After our less-than-stellar experience in Hanoi (though the rest of our visit to Vietnam was very enjoyable), and a couple months in the developing world craziness of Southeast Asia, we were looking forward to the First World comforts provided by a major world city.  Hong Kong did not disappoint.

We arrived very late, but the city’s extremely modern Airport Express train got us to Hong Kong island in about an hour for HK$100 (US$13).  From there, we took a HK$30 cab ride to our hotel, the Bishop Lei International House.  I lost my travel wedding band (US$19 from in the cab, but that was the only disappointment we had in this spectacular city.

We had booked a standard room at the Bishop Lei through for US$72 a night and were so grateful when a hotel employee inexplicably upgraded us to a harbor view suite on the 14th floor for free. The room was enormous, the bedroom featuring a sweeping view of the city and Victoria Harbor.  I was so tired I could have slept in a phone booth, but this was much, much nicer.  And the prospect of spending two more nights there was very pleasing.

On our first full day in Hong Kong, we took in the sights around the water and walked through Kowloon.  Following the path of the city’s Central-Mid-Levels escalator, the world’s longest outdoor covered escalator system, we hiked down to the waterfront and hopped on the Star Ferry (HK$2.50 weekdays/HK$3.40 weekends) to cross the harbor.  Sitting on the ferry’s open-air top deck during the five-minute ride is a great way to see the extremely photogenic city in full panoramic splendor.

The Star Ferry deposited us beside the Avenue of Stars on the Kowloon side of the harbor.  This beautiful pedestrian promenade is Hong Kong’s answer to Hollywood’s Walk of Fame.  Dozens of famous Hong Kong actors, writers and directors have been memorialized with handprints in concrete and statues dotting the path.  Handprints belonging to the most famous celebrities are easily recognizable by discolored and smoothed concrete. The indentions of Jackie Chan’s handprints, for instance, are exceptionally smooth.

Our walk along the Avenue of Stars ended at the excellent Hong Kong Museum of Art.  We happened to be in town during a traveling Andy Warhol exhibit and spent our entire museum visit fixated by that section.  The exhibit showed Warhol’s work from all stages of his career with a major section focusing on his visit to Hong Kong in the early 1980s.  It was very interesting to see the mementos he saved from his trip including a city map from the tourist bureau with a design and format extremely similar to the maps in our own pockets.

From there, we walked north through Kowloon, away from the water, and encountered Kowloon Park — a refreshingly peaceful patch of green in the heart of a bustling, noisy city.  Here you can temporarily escape the barrage of noise and lights and relax with the birds and fish that call this park’s ponds home.  We continued north and found an open air night market containing everything from knockoff handbags to designer watches to pirated DVDs.  We decided on a plastic, battery-powered waving cat as a gift for a friend.  (At the market be prepared to bargain hard.  Walking away will typically elicit a better — though often final — price and this tactic got us the waving cat for HK$10 after an initial asking price of HK$40.)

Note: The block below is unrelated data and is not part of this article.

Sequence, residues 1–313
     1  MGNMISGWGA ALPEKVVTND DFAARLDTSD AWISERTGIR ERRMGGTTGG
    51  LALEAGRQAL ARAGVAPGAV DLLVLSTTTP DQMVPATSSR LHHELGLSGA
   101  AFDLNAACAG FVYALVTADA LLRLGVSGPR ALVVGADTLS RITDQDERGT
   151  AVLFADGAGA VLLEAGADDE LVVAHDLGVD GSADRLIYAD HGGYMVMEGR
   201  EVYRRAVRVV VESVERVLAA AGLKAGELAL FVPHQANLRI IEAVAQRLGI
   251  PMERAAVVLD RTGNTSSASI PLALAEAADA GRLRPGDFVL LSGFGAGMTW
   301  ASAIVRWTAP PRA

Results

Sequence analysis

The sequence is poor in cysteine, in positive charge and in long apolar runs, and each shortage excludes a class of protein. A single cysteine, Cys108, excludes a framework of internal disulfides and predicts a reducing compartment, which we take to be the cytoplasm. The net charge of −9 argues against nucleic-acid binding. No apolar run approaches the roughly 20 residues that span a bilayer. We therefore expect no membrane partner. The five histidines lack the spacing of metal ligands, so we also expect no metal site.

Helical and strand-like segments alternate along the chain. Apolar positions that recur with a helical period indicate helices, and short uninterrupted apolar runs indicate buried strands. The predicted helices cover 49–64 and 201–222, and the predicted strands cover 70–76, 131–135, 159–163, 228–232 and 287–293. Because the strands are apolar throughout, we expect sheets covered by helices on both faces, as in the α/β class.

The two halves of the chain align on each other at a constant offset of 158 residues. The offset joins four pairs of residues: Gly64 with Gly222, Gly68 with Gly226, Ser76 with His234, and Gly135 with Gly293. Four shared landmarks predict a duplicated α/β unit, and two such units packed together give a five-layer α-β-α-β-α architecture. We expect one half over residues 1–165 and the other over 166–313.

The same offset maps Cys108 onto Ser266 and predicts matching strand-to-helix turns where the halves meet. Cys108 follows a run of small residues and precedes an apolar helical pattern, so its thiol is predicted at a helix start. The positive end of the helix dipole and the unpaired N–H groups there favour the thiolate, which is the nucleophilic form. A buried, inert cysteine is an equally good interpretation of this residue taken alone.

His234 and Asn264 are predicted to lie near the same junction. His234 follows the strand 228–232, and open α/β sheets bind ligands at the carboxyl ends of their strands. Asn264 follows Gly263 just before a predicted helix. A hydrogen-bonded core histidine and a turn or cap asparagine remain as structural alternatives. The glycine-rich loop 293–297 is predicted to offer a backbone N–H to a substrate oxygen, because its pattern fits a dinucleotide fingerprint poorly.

As the sun started to set, we headed back down south toward the water and made it to the promenade in time for the Hong Kong sound and light show, A Symphony of Lights.  This free nightly show choreographs laser lights installed on several dozen buildings on the Hong Kong Island side with a musical score and narration in English and Chinese.  Had we planned a little bit better we would have stopped at a 7-11 to pick up a six pack of beer beforehand.  Be sure to get there early as all available seating — and anything that remotely resembles seating — fills up with tourists and locals.

Our second day in the city we stayed on Hong Kong Island exploring the parks, restaurants and antique shops that dot the cityscape.  The free Hong Kong Zoological and Botanical Gardens park on the island boasts a primate exhibit where they have cages containing dozens of species of primates from tiny monkeys no more than 8 inches in length to a cage containing a hulking orangutan who was swinging above us in the rafters of his cage.  He stared at us as we approached his enclosure and, after spending a few minutes trying to determine what we were and seeming to decide that we had no food, he swung around and turned his back to us.

A typical Kowloon street

A typical Kowloon street

In the evening, we took the very crowded funicular peak tram up the mountain to Victoria Peak (HK$63 one way/HK$75 return).  At the top was a shopping mall complete with overpriced chain restaurants and a Madame Toussaud’s branch with a Bruce Lee wax sculpture on display for photographs.  We walked outside the complex hoping to see the skyline of the city from above, but instead were greeted with a very cold and very wet fog.  Visibility was about 50 feet and, although we didn’t get photographs of the city, we did get some very eerie photographs of the buildings on top of the mountain.  We walked down the long, steep path toward the city and crashed at our extremely comfortable hotel to prepare for our flight the next day to Japan.